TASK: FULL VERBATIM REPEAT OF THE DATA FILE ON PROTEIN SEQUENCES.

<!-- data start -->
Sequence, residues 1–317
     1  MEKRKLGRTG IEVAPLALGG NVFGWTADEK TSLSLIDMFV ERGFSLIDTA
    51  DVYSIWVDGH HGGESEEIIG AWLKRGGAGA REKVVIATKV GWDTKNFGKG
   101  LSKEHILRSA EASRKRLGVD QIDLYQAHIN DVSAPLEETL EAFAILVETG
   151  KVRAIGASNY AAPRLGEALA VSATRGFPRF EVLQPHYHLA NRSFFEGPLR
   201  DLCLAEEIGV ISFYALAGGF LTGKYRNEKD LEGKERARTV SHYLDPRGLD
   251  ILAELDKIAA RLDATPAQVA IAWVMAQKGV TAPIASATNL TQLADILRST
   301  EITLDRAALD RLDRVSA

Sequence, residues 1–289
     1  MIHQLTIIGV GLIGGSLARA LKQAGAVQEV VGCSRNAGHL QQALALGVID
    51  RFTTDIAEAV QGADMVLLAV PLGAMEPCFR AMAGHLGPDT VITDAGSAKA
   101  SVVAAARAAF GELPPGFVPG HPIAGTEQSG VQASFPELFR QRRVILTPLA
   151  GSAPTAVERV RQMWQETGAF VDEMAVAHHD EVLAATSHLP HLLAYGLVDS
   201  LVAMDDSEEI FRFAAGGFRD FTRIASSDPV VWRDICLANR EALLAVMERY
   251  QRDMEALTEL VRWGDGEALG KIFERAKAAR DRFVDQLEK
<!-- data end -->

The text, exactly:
Sequence, residues 1–317
     1  MEKRKLGRTG IEVAPLALGG NVFGWTADEK TSLSLIDMFV ERGFSLIDTA
    51  DVYSIWVDGH HGGESEEIIG AWLKRGGAGA REKVVIATKV GWDTKNFGKG
   101  LSKEHILRSA EASRKRLGVD QIDLYQAHIN DVSAPLEETL EAFAILVETG
   151  KVRAIGASNY AAPRLGEALA VSATRGFPRF EVLQPHYHLA NRSFFEGPLR
   201  DLCLAEEIGV ISFYALAGGF LTGKYRNEKD LEGKERARTV SHYLDPRGLD
   251  ILAELDKIAA RLDATPAQVA IAWVMAQKGV TAPIASATNL TQLADILRST
   301  EITLDRAALD RLDRVSA

Sequence, residues 1–289
     1  MIHQLTIIGV GLIGGSLARA LKQAGAVQEV VGCSRNAGHL QQALALGVID
    51  RFTTDIAEAV QGADMVLLAV PLGAMEPCFR AMAGHLGPDT VITDAGSAKA
   101  SVVAAARAAF GELPPGFVPG HPIAGTEQSG VQASFPELFR QRRVILTPLA
   151  GSAPTAVERV RQMWQETGAF VDEMAVAHHD EVLAATSHLP HLLAYGLVDS
   201  LVAMDDSEEI FRFAAGGFRD FTRIASSDPV VWRDICLANR EALLAVMERY
   251  QRDMEALTEL VRWGDGEALG KIFERAKAAR DRFVDQLEK